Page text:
Angst (1983) - Rotten Tomatoes

Angst (1983)




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Partly based on a true story and partly fiction, this humanly degrading drama does not concern monsters of the imagination, but a murderer who is paroled after 10 years in prison and then kills again in a particularly inhuman way. He breaks into a house and murders its three occupants when they return: an elderly mother, her mentally handicapped son who is confined to a wheelchair, and her pretty daughter. The killer drinks the blood of one of the victims while reciting all the abuse he experienced as a child that made him commit this act against three strangers. As the story continues to unfold, psychiatrists are brought in to discuss the man's mental condition. The gruesome scenes were filmed with the best cinematography possible, implying the director wanted to emphasize the gore. It is difficult to find any valid reason in this film for dwelling on the killings and the murderer, other than simple exploitation for a better box office take. ~ Eleanor Mannikka, Rovimore
Rating: Unrated
Genre: Art House & International, Horror
Directed By:
Written By: Gerald Kargl, Zbigniew Rybczynski


Erwin Leder
as Murderer
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Critic Reviews for Angst

All Critics (2)

It has Henry: Portrait of a Serial Killer (1986) vibes.

Full Review… | October 24, 2015
Ozus' World Movie Reviews

This is as close as you're likely to get to a real serial killer and survive.

Full Review… | September 15, 2015
Reeling Reviews

Audience Reviews for Angst


Considering this was made back in 1983, this film is still quite ahead of it's time in terms of style and content. Stylewise, this is a very well shot serial killer film, that brings an arthouse feel to the exploitive elements. In terms of content, even today most serial killers are portrayed as being in control; devious and powerful criminals who are always one step ahead of everyone else despite their sickness. Not so in this film, which I suspect is closer to a real serial killer than a lot of it's ilk. The killer here is a crazed lunatic with an insatiable bloodlust and has absolutely no control over his urges. The fact that the film follows him on his first day out of prison is a telling sign that this guy has no place in society. Also, since he is providing the voice over, we see how he can justify everything he is doing, even though near the beginning he knows he is nowhere near being anything close to logical. A great film in the serial killer genre that I am surprised isn't better known.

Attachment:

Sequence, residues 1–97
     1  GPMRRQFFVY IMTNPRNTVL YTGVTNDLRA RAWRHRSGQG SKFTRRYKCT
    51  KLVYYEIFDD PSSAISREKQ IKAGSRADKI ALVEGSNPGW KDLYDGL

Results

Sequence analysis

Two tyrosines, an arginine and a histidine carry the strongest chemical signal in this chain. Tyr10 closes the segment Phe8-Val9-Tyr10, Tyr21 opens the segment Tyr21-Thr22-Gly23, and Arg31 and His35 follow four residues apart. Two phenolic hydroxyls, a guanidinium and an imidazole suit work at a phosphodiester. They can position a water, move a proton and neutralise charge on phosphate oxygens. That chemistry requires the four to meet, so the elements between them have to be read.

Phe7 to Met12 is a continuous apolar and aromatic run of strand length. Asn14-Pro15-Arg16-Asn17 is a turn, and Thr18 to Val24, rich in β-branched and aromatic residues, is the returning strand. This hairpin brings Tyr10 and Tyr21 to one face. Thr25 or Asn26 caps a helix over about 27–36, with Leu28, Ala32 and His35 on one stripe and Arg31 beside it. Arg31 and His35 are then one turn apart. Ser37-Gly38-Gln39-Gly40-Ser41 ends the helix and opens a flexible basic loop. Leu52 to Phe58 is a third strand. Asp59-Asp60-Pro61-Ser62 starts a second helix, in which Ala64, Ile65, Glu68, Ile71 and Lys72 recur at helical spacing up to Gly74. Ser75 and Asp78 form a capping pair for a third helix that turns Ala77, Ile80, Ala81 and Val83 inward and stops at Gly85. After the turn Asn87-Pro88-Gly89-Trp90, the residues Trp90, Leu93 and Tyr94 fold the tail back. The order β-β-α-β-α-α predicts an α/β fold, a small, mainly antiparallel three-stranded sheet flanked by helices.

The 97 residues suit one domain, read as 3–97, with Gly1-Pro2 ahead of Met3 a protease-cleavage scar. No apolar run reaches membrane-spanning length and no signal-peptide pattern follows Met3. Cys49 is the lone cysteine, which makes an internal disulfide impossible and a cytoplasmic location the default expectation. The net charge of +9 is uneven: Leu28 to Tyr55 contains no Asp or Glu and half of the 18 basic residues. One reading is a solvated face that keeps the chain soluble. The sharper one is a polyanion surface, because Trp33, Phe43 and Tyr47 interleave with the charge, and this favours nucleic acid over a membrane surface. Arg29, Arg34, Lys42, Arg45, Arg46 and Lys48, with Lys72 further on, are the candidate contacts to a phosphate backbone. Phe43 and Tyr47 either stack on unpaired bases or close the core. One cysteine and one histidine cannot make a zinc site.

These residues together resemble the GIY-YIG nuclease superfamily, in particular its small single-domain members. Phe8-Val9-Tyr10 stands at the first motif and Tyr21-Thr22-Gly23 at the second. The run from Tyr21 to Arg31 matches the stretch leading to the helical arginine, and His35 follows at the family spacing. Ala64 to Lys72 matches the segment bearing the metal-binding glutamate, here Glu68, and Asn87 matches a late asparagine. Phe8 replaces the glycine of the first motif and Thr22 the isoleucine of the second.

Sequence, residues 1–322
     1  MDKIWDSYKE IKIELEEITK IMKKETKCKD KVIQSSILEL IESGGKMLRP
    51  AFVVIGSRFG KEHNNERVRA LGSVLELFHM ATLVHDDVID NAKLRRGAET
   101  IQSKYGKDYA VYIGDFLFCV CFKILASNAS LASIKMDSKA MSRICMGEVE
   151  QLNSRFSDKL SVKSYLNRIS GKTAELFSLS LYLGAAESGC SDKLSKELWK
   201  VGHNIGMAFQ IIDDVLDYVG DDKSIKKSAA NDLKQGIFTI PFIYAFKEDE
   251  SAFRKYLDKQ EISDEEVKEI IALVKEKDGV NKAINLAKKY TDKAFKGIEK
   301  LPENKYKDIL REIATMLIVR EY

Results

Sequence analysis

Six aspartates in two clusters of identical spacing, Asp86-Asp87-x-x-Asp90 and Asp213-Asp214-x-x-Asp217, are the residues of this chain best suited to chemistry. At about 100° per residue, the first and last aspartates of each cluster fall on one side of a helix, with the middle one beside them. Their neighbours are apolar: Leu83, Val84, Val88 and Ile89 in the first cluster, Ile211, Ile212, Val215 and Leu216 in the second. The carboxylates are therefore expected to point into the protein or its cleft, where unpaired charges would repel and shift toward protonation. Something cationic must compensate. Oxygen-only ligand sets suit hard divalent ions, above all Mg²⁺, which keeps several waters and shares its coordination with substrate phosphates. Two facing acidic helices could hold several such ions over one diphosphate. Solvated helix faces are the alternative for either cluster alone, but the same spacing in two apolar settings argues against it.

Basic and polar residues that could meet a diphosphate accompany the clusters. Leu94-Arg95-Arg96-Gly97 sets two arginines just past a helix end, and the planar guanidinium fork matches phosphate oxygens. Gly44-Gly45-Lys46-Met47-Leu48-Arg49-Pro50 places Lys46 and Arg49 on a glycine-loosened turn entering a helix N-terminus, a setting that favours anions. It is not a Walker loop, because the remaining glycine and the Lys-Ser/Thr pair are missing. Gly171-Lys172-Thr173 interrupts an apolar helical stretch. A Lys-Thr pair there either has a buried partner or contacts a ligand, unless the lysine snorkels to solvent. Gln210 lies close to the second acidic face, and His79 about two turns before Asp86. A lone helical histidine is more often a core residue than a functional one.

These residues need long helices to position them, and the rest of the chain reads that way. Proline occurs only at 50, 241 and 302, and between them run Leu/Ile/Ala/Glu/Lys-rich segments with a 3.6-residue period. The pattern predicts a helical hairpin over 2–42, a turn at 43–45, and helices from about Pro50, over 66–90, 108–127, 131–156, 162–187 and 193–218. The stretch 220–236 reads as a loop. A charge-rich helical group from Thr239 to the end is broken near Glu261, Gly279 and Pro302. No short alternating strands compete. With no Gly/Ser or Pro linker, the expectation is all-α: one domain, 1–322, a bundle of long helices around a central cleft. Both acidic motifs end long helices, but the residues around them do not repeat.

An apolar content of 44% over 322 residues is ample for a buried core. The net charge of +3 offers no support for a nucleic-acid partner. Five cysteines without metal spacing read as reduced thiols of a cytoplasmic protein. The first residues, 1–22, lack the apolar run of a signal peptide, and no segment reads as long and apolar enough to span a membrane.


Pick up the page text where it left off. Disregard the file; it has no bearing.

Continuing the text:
Christopher Brown

Super Reviewer

The film Angst by Director Gerald Kargl is a beautifully shot film and rightfully so. The camera work is flawless although somewhat unsettling. The cinematographer behind the camera was none other than Zbigniew Rybczynski a filmmaker who had won an Oscar two years prior for his short film, Tango. The beauty of the film aside, this is one of the most disturbing films ever put to celluloid.
The film starts with sweeping shots of a prison and then centers on the central character. As he is shaving he explains that he stabbed his own mother and killed a 70-year-old woman, which are the reasons he is in prison. Then the guards come to his door because he is being let out after 14 years.
The movie then follows ?the killer? as the character is called as he tries to live the life of a free man. It is something that he utterly fails at, because he is always analyzing who his next victim should be. The film reaches the breaking point when he forcibly enters a suburban home and waits for the family that lives there. When the family of 3 arrives at home he incapacitates the daughter who is the strongest family member and then the movie revolves around how he kills each family member in graphic detail. First he kills the mother by suffocating her, then he drowns the paraplegic son in a tub full of water, and finally he chases after the daughter stabs her with a knife multiple times and then ?has his way? with her still warm corpse. He then drives to town with the dead family in the trunk of his car and gets into an accident. The film ends with him showing the police what he has in his trunk. In 1983 the year that this film came out it received an X rating for violence even with film standards becoming more lax than they had been in previous years. After its initial showing in the theaters the film drifted into obscurity and disappeared. Then years later came the advent of the Internet and recently this masterpiece of shock cinema has finally become available again if only online for the time being.

Patrick-Thomas Geraghty

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